Reliable and not misleading

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"Reliable and not misleading" is an optional quality criterion of Tournesol 🌻.

Reliability and not misleading logo

It aims to measure the trustworthiness of the information presented in a content, but also the extent to which the information may be misleading. In particular, a factual content that cherry-picks data to present to corroborate a world view and lacks completeness should considered partially misleading. Similarly, contents that lack epistemic prudence and suffer overconfidence may be considered less reliable than contents that adequately measure the extent of their ignorance.

Contents that score high on "reliable and not misleading" should make nearly all viewers improve their global world view, despite viewers' biases and motivated reasoning.


The multiplicity and diversity of sources and evidence plays an important role in the reliability of a content. It should ideally be also backed by peer-reviewed scientific publications AmericanChemicalSociety-19. However, as explained in this video by Veritasium, even published research usually has major shortcomings. More reliable information can be obtained by meta-analyses of multiple scientific publications, or by drawing on scientific consensus.

Even then, even meta-analysis may not be conclusive DeVrieze-18, especially when data are not compelling enough. A reliable analysis of the data should acknowledge uncertainty WassersteinSL-19 by showing epistemic prudence, thereby combatting overconfidence. Ideally, the level of certainty should be well calibrated.


Unfortunately, factual news can be deeply misleading. As an example, on October 21st, 2020, NBC News published a news entitled "Volunteer in AstraZeneca Covid-19 vaccine trial dies in Brazil". However, subsequent news reported that the volunteer did not receive the vaccine, as he was in the control group. Weirdly, this was reported by Healthcare Finance in a news entitled "28-year-old volunteer in AstraZeneca COVID-19 vaccine trial dies". Only the subtitle clarifies the story, as it asserts "The trial has not been paused as the volunteer did not receive the COVID-19 vaccine but was part of the control group.". Still, more generally, even a death of a single vaccinated individual should not radically affect our estimation of the dangerousness of the vaccine, as the cause of the death may be unrelated to the individual's vaccination. In fact, if tens of thousands of individuals get vaccinated, then a death of at least one individual should be expected in the months to come since; according at Statista, adults have a probability of dying within a year of at least 1 in 1,000.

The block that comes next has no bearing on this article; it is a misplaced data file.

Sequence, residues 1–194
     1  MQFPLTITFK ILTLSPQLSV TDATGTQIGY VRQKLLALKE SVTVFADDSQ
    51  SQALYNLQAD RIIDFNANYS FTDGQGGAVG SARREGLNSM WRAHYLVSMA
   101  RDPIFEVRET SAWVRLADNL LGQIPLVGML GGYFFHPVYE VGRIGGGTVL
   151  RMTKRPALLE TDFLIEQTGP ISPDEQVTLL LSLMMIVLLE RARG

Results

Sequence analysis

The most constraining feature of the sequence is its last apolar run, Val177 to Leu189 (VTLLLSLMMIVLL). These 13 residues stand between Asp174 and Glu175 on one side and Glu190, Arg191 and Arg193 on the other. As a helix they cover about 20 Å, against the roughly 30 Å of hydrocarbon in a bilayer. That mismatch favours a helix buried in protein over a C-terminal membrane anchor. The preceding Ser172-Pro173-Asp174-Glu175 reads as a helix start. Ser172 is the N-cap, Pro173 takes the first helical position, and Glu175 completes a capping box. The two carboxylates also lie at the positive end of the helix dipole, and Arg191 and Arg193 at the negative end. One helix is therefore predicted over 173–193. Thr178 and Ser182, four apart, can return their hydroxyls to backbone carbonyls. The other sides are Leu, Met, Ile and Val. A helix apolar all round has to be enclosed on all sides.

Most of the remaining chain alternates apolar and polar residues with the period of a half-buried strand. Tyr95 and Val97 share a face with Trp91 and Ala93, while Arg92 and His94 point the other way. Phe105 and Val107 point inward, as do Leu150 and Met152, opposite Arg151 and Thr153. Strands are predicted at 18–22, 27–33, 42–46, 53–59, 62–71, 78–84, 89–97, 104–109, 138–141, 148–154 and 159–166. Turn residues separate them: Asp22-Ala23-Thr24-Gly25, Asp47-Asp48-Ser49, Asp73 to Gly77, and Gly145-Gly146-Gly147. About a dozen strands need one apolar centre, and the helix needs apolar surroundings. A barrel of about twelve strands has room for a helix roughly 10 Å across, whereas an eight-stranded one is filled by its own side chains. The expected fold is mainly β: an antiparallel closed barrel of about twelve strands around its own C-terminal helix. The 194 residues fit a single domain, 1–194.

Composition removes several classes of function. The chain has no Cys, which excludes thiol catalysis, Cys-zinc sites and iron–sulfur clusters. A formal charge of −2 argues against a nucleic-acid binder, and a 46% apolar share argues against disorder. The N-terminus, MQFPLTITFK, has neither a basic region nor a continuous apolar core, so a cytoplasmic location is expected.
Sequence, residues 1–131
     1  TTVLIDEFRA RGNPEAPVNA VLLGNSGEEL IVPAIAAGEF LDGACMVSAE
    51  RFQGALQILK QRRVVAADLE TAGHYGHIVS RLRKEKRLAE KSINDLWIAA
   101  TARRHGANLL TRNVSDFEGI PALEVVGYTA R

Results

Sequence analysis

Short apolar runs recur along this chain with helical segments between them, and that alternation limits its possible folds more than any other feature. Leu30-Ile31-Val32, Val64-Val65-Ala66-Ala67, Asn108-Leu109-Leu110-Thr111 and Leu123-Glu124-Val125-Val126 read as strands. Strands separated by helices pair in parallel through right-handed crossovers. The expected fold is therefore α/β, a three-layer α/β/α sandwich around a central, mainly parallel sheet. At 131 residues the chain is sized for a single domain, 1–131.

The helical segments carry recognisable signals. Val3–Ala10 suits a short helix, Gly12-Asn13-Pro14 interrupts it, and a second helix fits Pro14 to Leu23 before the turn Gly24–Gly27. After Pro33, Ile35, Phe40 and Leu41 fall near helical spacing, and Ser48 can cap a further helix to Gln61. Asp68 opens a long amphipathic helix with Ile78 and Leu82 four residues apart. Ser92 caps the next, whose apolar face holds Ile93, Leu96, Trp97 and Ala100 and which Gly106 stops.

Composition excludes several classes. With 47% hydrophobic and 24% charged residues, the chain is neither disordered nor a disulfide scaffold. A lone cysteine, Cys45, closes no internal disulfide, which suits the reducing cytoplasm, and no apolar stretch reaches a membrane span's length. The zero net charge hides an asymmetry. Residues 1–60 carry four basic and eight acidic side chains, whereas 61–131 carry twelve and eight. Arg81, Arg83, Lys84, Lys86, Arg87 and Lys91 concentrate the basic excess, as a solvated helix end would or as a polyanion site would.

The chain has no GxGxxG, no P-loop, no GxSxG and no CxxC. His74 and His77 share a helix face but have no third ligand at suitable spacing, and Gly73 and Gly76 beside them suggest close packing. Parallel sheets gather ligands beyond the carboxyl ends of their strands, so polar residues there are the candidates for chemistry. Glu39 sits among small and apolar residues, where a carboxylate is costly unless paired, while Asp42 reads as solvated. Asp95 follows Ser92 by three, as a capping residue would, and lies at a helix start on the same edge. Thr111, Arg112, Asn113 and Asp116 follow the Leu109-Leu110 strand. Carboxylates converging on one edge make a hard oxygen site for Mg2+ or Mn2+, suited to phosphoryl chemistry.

ChevrePensante-21FR reports the way vaccine news have been reported in a disproportionally negative manner.

More generally, to avoid being misleading, information should arguably present on scientific background knowledge, set information within context, analyze the best available statistical data, discuss conflicting interpretations and use careful wordings.